No (functional) experience required

Jane Street is a serious functional programming shop. We use OCaml, a statically typed functional language for almost everything and have what is probably the largest OCaml codebase anywhere.

This leads lots of people to think that they shouldn’t even bother applying, under the assumption that we are only interested in hiring deep functional programming gurus. I think people get to this conclusion in part because they think of functional languages, especially those with fancy type systems, as arcane tools that can only be used effectively after deep study.

To the contrary, one of the reasons we started building production systems with OCaml was that it was relatively easy to understand, even for people with no formal CS background. Since then, we’ve had good experiences taking students with no functional experience at all and getting them to the point of being able to complete a project in just a few weeks. We also have a very successful “OCaml Bootcamp” program, where over four weeks, we train all of the incoming traders and many other non-developer hires on OCaml and our development tools and libraries. By the end, most of them are able to create useful applications.

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Introducing Incremental

I’m pleased to announce the release of Incremental (well commented mli here), a powerful library for building self-adjusting computations, i.e., computations that can be updated efficiently when their inputs change.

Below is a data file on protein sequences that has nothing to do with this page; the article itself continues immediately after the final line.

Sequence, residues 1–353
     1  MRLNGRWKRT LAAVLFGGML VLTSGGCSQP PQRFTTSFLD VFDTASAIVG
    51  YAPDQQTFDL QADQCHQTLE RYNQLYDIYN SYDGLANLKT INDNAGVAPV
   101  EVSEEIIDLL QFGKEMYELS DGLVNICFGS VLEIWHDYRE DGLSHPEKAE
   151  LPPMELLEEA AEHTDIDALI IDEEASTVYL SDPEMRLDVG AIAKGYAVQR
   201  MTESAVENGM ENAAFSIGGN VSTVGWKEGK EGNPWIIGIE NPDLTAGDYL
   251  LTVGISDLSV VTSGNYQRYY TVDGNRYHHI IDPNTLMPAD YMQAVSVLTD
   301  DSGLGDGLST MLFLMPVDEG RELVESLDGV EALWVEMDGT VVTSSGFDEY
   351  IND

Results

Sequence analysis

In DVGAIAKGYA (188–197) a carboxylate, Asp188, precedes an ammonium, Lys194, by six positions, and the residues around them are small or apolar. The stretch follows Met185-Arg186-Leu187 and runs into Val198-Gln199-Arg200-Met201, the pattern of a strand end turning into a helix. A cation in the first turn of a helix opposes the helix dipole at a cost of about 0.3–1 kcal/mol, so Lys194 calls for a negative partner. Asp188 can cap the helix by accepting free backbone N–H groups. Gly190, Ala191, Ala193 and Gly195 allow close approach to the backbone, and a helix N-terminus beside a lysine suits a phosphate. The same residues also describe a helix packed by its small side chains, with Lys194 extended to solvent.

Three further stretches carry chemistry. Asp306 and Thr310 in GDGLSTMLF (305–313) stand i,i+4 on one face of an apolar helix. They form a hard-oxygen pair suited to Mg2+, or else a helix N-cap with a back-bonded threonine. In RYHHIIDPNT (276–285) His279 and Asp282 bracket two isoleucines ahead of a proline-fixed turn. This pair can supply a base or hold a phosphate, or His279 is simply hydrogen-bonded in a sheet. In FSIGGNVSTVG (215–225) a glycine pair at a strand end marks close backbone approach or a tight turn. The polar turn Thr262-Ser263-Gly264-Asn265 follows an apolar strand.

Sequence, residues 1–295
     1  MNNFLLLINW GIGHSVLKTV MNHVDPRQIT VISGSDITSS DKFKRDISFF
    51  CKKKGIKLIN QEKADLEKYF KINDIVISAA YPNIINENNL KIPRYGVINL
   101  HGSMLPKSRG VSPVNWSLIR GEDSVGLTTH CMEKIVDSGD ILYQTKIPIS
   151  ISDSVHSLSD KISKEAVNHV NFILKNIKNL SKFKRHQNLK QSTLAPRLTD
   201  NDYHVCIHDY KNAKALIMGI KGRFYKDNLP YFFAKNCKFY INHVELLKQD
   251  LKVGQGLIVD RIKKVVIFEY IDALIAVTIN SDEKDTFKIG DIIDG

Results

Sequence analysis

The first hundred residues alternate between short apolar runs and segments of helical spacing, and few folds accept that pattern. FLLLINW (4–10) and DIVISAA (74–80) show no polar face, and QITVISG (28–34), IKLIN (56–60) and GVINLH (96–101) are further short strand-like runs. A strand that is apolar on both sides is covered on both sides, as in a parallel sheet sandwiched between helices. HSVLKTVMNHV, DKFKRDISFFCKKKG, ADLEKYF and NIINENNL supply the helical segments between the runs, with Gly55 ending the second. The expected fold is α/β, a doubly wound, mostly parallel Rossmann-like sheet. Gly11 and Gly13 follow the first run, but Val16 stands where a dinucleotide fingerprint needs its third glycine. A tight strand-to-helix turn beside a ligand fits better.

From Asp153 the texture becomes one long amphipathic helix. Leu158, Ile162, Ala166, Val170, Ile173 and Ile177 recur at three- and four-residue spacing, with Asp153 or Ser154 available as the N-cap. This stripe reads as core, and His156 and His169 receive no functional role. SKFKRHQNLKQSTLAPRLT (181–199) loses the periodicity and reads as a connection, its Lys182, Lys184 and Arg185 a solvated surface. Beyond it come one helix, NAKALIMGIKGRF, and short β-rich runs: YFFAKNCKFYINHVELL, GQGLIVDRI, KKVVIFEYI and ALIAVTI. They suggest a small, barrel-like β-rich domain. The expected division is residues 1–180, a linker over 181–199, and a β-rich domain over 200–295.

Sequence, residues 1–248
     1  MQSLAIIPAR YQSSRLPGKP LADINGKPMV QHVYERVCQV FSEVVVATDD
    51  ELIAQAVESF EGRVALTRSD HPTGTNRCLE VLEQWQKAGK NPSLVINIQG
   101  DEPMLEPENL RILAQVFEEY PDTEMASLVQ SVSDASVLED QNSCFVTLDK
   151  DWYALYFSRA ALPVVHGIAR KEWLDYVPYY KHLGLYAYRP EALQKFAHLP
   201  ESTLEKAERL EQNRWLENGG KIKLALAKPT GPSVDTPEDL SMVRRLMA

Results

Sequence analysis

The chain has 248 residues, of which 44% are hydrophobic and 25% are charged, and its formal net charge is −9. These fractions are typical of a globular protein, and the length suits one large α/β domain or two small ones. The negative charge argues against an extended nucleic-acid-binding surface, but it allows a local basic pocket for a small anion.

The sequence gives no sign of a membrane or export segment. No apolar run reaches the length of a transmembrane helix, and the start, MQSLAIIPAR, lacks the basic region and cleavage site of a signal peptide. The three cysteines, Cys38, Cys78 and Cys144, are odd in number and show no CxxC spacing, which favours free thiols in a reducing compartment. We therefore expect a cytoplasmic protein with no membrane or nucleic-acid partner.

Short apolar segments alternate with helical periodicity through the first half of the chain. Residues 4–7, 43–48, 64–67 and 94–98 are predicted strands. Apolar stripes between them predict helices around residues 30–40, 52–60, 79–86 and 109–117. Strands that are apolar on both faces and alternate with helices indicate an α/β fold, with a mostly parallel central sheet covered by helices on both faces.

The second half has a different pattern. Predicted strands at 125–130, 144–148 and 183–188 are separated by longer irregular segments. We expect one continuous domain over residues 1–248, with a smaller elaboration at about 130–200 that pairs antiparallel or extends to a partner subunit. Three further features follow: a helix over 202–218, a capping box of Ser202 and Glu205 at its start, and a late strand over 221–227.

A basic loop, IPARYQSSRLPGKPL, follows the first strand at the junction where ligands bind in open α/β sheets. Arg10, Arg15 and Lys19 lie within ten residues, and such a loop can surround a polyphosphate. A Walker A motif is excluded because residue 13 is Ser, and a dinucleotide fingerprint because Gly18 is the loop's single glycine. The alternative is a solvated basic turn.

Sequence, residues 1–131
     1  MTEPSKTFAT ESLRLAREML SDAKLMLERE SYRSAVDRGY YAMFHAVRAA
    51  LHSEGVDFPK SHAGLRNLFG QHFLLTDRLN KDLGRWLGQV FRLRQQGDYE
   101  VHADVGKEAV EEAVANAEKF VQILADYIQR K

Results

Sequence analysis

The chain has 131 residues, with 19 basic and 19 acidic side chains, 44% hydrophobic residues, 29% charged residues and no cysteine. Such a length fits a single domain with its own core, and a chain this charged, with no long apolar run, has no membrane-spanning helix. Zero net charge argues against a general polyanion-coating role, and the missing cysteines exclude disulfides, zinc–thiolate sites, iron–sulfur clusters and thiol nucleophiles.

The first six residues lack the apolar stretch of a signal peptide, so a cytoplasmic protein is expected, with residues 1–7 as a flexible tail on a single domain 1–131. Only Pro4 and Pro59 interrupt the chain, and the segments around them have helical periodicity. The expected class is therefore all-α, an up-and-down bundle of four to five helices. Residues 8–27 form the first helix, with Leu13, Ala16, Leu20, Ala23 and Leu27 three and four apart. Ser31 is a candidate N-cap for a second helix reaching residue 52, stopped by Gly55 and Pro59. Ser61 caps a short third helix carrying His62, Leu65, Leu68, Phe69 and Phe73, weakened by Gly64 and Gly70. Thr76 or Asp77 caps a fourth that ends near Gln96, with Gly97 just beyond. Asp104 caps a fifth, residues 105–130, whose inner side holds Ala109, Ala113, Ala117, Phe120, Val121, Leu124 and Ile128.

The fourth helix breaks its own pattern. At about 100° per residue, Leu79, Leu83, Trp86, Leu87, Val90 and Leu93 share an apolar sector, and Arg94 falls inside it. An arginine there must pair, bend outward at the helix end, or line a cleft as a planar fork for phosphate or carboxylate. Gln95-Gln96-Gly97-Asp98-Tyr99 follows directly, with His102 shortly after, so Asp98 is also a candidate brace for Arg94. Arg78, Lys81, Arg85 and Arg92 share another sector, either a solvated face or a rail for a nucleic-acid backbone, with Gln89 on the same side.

At its simplest, you can think of a self-adjusting computation as a fancy spreadsheet. In a spreadsheet, each cell contains either simple data, or an equation that describes how the value in this cell should be derived from values in other cells. Collectively, this amounts to a graph-structured computation, and one of the critical optimizations in Excel is that when some of the cells change, Excel only recomputes the parts of the graph that depend on those changed cells.

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Converting a code base from camlp4 to ppx

As with many projects in the OCaml world, at Jane Street we have been working on migrating from camlp4 to ppx. After having developed equivalent ppx rewriters for our camlp4 syntax extensions, the last step is to actually translate the code source of all our libraries and applications from the camlp4 syntax to the standard OCaml syntax with extension points and attributes.

For instance to translate code using pa_ounit and pa_test, we have to rewrite:

TEST = <:test_result< int >> ~expect:42 (f x)


let%test _ = [%test_result: int] ~expect:42 (f x)

For small to medium projects it is enough to just take a couple hours to translate the source code by hand. But at Jane Street where we have a huge OCaml code base making extensive use of camlp4, it is simply not realistic. So we needed a tool to do that for us.

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CPU Registers and OCaml